Prostate Cancer Test Is Useless, Warn Scientists
By Robin Yapp
Experts increasingly believe the PSA test leads to needless treatment such as radiotherapy, when men could be monitored and live with the cancer without it ever causing a problem. Researchers studied prostate tissues collected over 20 years, from the time it first became standard to remove prostates in response to high PSA levels to the present.
Thousands of men may have had needless surgery because the test commonly used to diagnose prostate cancer is flawed scientists revealed last week
They warned that the prostate specific antigen (PSA) test was "all but useless" for predicting the risk of the disease becoming serious.
But doctors still use it to test for early signs of cancer, and the discovery of raised levels of the protein PSA can lead to men having radical surgery, sometimes leaving them incontinent or impotent.
End of PSA Test?
A study by experts at Stanford University Medical School of Medicine suggests the test can no longer be relied upon to produce accurate results. The authors declared: "The PSA era is over."
Experts increasingly believe the test leads to needless treatment such as radiotherapy, when men could be monitored and live with the cancer without it ever causing a problem. Researchers studied prostate tissues collected over 20 years, from the time it first became standard to remove prostates in response to high PSA levels to the present.
The team, led by Professor Thomas Stamey, said in the Journal of Urology that, as a screening test, the PSA indicated nothing more than the size of the prostate gland.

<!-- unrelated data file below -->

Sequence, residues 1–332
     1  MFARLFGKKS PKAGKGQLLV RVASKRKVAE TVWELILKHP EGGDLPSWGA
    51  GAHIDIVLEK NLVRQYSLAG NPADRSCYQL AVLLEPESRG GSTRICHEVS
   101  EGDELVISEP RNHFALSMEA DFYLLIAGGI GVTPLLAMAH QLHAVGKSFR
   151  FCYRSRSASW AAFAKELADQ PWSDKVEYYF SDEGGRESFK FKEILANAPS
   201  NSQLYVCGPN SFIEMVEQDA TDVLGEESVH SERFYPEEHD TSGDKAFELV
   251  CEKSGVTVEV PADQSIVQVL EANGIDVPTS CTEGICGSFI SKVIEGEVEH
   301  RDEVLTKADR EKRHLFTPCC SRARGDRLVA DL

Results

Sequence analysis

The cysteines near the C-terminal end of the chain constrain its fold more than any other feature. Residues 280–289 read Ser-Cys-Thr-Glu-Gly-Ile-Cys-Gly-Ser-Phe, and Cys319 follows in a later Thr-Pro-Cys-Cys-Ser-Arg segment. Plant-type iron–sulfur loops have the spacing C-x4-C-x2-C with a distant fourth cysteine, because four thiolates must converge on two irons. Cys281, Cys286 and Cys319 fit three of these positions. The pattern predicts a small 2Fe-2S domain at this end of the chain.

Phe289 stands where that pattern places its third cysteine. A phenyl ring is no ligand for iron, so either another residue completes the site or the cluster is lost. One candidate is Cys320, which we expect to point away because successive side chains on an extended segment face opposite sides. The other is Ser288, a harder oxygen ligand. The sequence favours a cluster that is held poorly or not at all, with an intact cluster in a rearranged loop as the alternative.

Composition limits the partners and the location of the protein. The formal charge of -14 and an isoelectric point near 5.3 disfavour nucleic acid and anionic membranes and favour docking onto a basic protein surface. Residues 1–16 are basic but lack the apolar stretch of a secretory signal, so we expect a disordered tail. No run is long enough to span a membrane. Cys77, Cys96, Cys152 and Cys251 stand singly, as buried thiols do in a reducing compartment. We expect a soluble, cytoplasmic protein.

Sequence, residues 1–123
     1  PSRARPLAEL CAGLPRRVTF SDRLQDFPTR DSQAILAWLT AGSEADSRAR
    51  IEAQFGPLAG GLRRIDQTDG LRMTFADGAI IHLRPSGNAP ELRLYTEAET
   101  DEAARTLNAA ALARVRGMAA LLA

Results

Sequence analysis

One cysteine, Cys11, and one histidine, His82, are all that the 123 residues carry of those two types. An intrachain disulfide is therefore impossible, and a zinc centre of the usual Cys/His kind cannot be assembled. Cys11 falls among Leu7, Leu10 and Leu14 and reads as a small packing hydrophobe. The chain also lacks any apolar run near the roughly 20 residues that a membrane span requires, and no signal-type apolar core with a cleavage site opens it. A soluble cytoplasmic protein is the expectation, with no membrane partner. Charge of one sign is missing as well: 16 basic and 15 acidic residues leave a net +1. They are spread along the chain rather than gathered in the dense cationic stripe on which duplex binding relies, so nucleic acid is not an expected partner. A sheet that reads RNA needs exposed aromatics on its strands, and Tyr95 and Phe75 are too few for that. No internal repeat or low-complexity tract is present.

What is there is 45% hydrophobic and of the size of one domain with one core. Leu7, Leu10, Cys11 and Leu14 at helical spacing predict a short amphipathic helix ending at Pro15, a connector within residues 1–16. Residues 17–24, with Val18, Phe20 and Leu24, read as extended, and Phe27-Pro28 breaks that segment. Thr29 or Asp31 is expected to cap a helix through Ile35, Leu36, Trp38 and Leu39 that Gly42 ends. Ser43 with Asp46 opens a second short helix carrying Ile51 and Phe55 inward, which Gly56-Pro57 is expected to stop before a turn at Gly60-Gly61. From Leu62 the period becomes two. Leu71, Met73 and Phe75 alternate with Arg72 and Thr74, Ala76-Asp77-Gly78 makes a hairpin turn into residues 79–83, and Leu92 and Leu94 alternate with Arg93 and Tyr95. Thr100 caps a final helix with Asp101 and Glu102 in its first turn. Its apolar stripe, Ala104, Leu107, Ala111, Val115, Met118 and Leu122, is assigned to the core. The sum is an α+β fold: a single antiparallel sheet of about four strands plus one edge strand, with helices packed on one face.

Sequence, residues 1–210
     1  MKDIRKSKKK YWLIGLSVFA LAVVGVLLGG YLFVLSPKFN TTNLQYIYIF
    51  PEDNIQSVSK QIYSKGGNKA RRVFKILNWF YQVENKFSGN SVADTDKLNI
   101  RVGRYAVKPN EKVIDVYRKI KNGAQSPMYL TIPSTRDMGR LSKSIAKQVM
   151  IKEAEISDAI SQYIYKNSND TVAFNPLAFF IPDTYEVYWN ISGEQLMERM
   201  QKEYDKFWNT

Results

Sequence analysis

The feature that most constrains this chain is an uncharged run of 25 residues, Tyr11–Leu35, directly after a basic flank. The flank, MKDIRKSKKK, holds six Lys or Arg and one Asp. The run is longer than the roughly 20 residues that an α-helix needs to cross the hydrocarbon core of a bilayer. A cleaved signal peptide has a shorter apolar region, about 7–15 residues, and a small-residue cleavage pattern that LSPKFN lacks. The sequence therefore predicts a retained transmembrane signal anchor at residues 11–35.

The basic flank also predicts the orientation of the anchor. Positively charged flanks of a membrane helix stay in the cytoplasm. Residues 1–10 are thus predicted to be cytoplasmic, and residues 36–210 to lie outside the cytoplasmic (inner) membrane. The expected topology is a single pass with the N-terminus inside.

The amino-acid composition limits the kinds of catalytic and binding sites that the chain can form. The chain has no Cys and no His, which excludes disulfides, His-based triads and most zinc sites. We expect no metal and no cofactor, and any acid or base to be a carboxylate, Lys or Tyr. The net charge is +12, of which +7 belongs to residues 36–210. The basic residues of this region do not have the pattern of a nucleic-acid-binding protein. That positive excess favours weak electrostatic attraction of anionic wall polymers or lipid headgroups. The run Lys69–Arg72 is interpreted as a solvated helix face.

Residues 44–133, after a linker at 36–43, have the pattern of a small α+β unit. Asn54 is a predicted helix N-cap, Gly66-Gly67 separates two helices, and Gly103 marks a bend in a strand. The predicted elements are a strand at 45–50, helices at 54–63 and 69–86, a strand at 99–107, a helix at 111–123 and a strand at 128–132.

Professor Stamey added: "Our study raises a very serious question of whether a man should even use the test for prostate cancer." PSA screening has become more commonplace in the U.S. In the UK there is no screening program, with men only having the test at their own request. But nonetheless thousands have opted for it on the NHS with the number rising.
PSA Screening Inconclusive
Cancer experts in the UK have voiced concerns that the test could not distinguish between cancers which were 'tigers,' and those which were 'pussycats,' leading many men into treatments they did not need. Professor Stamey said raised levels of the protein PSA reflected only a condition known as benign prostatic hyperplasia -- a harmless increase in prostate size.
Prostate cancer was a disease all men developed if they lived long enough, so, given the chance to carry out a biopsy, doctors were likely to find it.
The Institute of Cancer Research in the UK advocates a system of 'active surveillance' whereby men with slightly raised PSA levels could be monitored for further increases which would warrant treatment.
The Department of Health said: "We recognize the PSA test is not as accurate as some screening tests for other cancers, and is available on the NHS only by request if a man has been counseled on the risks and limitations." Prostate cancer is the most common form of the disease to affect men in Britain, with 27,000 cases diagnosed each year and around 10,000 deaths.